Trusses

Bearings

Unless the trusses are specifically designed, the truss must be supported directly on the ceiling chord immediately below the intersection of joist and rafter. Approval from the truss manufacturer must be sought where special design is necessary.

Diagram D2 TRUSS BEARING Diagram D2 - Truss bearing

Overhangs

The overhangs illustrated are acceptable if the manufacturer’s recommendations are followed when bracing the rafters and joists.

DIAGRAM D2A Truss Overhang Diagram D2(a) - Diagram illustrating overhang of a truss

Fixing trusses to walls

The manufacturer’s instructions should be followed when erecting trussed rafters. Usually, the instructions will include fixing the trusses to the wall plate using proprietary truss clips or strapping to both the wall plate and the masonry wall. In some cases, fixing using nails may be permissible.

At least 2 wire-round nails more than 100 mm in length and 4.5 mm diameter, and in accordance with I.S. 105-1: 1977 Wire and cut nails for building purposes, staggered and fixed at either side of the truss, should be used to fix each truss to the wall plate such that no damage to the punched metal plate fixings occurs. Trusses should not be notched to seat on wall plate.

Straps

Twisted galvanised vertical restraint straps

If a roof has a pitch of less than 15 degrees and/or the site wind speed is greater than 26 m/s and/or the building is located in an exposed location (and there is reason to believe high wind speeds may occur), additional vertical restraint straps may be required. A separate design to calculate uplift should be carried out based on Irish Standard I.S. EN 1991-1-4: 2005 + A1: 2010 Eurocode 1 (Eurocode 1: Actions on structures - Part 1-4: General actions -Wind actions ).

Twisted galvanised vertical restraint straps are usually 30mm x 2.5 mm in cross section and should be included at the truss nearest the gable, and at 2 m maximum centres along the roof.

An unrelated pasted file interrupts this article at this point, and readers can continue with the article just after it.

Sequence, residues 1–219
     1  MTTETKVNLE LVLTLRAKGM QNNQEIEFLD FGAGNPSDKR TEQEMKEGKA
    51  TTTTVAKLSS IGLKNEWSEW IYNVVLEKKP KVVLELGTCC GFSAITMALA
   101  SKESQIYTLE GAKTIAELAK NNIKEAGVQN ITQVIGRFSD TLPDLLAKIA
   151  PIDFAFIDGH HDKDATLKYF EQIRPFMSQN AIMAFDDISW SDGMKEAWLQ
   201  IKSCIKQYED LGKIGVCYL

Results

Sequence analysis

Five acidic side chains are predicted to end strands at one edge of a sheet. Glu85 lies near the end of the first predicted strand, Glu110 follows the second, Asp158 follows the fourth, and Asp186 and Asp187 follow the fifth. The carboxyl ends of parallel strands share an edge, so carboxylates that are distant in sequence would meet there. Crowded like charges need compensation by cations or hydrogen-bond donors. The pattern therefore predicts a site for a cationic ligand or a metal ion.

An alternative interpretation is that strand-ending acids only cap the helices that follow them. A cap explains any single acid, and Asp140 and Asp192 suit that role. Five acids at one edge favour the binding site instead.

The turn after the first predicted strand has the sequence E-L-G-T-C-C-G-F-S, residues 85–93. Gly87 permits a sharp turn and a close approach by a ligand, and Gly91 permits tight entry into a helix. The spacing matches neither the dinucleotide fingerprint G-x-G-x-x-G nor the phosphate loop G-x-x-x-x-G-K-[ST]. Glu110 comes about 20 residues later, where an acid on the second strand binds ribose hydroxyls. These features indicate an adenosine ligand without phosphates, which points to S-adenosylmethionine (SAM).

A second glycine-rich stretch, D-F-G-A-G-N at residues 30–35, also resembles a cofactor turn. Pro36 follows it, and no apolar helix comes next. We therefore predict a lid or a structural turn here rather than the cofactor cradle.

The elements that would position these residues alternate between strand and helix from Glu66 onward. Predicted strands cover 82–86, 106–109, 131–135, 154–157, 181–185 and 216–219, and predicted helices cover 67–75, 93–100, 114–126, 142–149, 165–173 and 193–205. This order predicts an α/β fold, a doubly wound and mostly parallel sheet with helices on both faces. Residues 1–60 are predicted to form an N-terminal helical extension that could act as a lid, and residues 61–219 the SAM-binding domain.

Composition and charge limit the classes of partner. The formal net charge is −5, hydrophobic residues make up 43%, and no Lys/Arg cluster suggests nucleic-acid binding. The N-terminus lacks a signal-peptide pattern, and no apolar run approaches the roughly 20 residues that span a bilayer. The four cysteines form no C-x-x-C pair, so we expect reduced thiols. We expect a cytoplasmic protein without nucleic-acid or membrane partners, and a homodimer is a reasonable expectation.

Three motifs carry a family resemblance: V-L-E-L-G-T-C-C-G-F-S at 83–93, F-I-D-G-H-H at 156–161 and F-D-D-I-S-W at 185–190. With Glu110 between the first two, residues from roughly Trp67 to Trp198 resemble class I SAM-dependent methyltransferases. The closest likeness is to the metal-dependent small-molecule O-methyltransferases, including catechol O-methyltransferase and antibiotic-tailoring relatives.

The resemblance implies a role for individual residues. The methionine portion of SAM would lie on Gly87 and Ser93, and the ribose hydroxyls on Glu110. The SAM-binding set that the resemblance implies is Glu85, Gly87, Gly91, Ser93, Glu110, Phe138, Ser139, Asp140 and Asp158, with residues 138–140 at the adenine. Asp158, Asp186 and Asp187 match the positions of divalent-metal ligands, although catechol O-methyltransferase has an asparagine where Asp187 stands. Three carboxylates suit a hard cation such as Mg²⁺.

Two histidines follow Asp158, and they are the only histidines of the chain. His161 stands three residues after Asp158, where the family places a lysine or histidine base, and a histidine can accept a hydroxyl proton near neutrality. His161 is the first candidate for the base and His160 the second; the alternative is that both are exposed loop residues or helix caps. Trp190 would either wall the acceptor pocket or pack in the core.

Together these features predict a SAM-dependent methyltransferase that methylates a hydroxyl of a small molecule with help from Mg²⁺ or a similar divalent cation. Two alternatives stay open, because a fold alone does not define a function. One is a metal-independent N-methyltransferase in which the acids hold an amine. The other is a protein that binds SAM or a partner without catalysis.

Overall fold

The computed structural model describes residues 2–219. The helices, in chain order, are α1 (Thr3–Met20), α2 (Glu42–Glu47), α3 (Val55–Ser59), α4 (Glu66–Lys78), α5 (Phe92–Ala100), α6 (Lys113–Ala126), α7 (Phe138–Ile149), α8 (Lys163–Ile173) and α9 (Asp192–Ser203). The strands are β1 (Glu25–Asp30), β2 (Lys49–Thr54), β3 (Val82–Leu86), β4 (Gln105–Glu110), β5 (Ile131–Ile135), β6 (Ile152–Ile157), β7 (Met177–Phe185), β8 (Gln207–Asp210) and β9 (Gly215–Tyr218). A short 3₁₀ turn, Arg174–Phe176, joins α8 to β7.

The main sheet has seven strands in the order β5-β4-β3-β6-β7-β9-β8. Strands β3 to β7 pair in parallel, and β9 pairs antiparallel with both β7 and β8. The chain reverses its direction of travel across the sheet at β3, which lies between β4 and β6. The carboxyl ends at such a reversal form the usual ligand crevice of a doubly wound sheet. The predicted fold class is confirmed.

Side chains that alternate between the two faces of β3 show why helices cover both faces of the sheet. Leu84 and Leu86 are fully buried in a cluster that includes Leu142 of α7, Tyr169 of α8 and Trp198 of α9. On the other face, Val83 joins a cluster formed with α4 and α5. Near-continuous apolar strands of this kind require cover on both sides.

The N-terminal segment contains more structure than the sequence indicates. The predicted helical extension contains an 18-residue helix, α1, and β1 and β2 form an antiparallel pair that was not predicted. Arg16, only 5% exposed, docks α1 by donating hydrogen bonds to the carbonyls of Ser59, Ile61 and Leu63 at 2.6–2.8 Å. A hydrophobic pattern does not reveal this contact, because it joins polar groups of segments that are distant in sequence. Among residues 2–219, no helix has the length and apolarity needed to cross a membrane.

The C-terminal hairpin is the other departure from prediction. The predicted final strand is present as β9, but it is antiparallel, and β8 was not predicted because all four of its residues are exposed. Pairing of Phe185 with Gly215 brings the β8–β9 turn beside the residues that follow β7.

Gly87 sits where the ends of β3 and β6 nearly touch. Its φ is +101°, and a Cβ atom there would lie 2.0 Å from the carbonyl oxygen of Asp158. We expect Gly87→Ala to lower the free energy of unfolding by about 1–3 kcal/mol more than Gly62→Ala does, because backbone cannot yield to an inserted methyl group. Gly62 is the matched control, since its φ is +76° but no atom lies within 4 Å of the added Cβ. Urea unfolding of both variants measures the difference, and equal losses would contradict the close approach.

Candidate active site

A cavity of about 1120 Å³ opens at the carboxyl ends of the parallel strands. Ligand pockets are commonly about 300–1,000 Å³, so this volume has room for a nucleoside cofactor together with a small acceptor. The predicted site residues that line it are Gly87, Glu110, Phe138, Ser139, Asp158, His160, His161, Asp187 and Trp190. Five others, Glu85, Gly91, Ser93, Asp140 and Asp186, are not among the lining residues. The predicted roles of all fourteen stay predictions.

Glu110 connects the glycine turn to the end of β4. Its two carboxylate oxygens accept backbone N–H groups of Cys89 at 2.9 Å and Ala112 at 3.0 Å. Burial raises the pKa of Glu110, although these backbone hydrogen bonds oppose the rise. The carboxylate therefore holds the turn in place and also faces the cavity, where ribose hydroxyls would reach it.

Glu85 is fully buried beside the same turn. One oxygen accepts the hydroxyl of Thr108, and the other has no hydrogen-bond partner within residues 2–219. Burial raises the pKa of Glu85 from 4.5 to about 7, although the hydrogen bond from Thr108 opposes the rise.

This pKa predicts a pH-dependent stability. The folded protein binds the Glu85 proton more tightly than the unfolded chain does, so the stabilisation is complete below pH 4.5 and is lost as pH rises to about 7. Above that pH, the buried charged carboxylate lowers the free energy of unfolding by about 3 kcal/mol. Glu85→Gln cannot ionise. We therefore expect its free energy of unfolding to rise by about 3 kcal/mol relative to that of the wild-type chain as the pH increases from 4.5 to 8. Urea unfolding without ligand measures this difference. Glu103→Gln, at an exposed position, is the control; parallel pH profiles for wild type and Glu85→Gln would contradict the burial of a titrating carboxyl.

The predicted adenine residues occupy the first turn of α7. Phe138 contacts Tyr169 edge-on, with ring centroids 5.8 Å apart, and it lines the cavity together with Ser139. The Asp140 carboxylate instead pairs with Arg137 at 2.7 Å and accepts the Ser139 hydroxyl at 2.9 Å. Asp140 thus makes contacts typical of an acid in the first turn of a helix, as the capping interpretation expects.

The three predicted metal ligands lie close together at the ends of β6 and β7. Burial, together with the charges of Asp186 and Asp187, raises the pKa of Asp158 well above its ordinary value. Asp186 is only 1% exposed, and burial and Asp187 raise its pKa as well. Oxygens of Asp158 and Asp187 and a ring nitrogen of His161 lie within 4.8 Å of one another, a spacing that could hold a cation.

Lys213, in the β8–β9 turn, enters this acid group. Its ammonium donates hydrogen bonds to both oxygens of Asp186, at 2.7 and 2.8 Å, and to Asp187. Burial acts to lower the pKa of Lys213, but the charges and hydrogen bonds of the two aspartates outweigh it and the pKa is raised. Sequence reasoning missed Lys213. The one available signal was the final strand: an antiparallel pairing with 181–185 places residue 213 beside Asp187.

Proprietary truss clips

Trusses can be held down by fixing them directly to the wall plate using proprietary truss clips. Galvanised straps should be used to fix the wall plate to the masonry; these straps should be at no more than 2 m centres or alternatively, the wall plate can be fixed using bolts at 1.2m centres. Where wall plates are butt-joined, the trusses should be strapped (hold down straps) at no more than 400 mm centres on each side of the joint. Please note: wall plate should have a width of at least 100 mm and a depth of at least 75 mm.

Diagram D3 TRUSS BEARING STRAPPING TO WALLS Diagram D3 - Truss bearing strapping to walls

Strapping trusses to gable walls

Gable walls should be tied to roof timbers as illustrated in Diagram D4 below for stability.

Straps at ceiling level

Straps to gable walls at rafter and ceiling level should be at centres less than 2m. At party wall, straps are not required. Please note you must build the straps into blockwork as courses are being built. Technical Guidance Document A of the Building Regulations specifies that the requirement for strapping at ceiling level depends on the height of the apex and the thickness of the wall. Ceiling strapping is required in all standard pitched roof houses.

Straps at rafter level

For holding down trusses 30mm x 5 mm thick galvanized steel straps fixed to at least 2 trusses and a noggin with 50 mm long x 3.35 mm diameter wire nails should be used for connections to rafters. These straps should be spaced at less than 2m centres at ceiling and rafter level. The turn-down of the strap must be greater than 100 mm; it should be tight against the block and the straps must bear on to a full block.